At all relevant times, real party in interest Jose Calderon (Calderon), a Spanish-speaker who can read and write only basic English, was employed by petitioner Western Bagel Company, Inc. (Western Bagel) at one of its retail stores. Calderon commenced a putative class action against Western Bagel for allegedly failing to provide its employees with legally compliant meal and rest breaks. Western Bagel moved to compel arbitration, arguing that Calderon had executed an arbitration agreement that required him to resolve disputes arising out of his employment through binding arbitration. As the parties briefed the motion, it became apparent that the severability clause in the Spanish version of the arbitration agreement Calderon signed indicates the parties agreed to nonbinding arbitration, whereas the severability clause in the original English version of that document suggests the parties consented to binding arbitration. Western Bagel attributed the discrepancy to a typographical error that a third-party company had made when it translated the English version of the document to Spanish. Other provisions in both the English and Spanish versions of the agreement, however, either state explicitly, or strongly support the conclusion, that he agreement calls for binding arbitration.
The trial court found that the Federal Arbitration Act (FAA) governs the parties’ arbitration agreement, concluded that the inconsistency between the Spanish and English severability clauses creates an ambiguity regarding whether the parties consented to binding or nonbinding arbitration, resolved this ambiguity against Western Bagel pursuant to the constructive canon of contra proferentem (whereby an ambiguity in a contract is construed against the drafter thereof), and ordered the parties to arbitrate their dispute on a nonbinding basis.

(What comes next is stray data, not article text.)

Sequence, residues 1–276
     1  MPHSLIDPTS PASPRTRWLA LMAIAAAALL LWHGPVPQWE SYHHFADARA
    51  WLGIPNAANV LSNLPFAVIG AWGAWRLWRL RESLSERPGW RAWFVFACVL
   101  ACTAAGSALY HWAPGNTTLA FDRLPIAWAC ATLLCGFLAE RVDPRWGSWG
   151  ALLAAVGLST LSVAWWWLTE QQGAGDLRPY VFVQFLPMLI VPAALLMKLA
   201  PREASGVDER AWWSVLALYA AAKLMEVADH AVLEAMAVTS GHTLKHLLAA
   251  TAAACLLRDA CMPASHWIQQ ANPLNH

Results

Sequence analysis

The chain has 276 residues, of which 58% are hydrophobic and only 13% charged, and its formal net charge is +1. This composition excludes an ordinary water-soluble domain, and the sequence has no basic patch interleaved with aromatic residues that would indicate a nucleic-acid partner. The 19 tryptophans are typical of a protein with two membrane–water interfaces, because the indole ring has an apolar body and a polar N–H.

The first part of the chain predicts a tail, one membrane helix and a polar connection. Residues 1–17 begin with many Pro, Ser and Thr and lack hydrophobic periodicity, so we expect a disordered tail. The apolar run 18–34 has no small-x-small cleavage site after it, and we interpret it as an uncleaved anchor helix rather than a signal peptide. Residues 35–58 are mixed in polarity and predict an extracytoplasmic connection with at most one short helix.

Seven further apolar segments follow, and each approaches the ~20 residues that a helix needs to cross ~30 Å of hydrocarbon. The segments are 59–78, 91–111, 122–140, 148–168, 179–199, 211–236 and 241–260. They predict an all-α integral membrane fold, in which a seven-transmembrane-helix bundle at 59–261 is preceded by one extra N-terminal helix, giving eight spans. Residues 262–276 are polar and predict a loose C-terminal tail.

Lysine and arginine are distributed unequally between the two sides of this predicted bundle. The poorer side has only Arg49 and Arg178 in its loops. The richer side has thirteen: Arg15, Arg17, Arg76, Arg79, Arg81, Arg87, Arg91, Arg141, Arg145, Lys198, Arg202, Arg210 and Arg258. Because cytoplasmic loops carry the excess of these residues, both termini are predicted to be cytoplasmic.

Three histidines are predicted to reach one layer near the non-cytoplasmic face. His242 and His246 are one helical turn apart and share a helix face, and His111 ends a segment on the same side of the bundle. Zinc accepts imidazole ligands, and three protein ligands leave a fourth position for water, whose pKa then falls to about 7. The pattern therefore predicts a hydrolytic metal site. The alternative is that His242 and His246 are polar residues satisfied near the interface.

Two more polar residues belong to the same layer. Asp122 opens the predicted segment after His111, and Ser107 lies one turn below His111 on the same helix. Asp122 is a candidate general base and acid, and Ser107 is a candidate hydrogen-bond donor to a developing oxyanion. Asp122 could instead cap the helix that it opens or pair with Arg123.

Although it is unclear whether Western Bagel has sought review of an appealable order, we need not reach that issue because we exercise our discretion to construe Western Bagel’s appeal as a petition for writ of mandate. Upon reaching the merits of Western Bagel’s writ petition, we conclude the FAA preempted the trial court’s use of contra proferentem. Next, assuming arguendo there is an ambiguity regarding whether the parties consented to binding or nonbinding arbitration, we employ the FAA’s default rule that any ambiguities about the scope of an arbitration agreement must be resolved in favor of arbitration as envisioned by the FAA, a fundamental attribute of which is a binding arbitral proceeding. We thus grant Western Bagel’s petition and direct the trial court to enter a new order compelling the parties to arbitrate their dispute via binding arbitration in accordance with the terms of their arbitration agreement.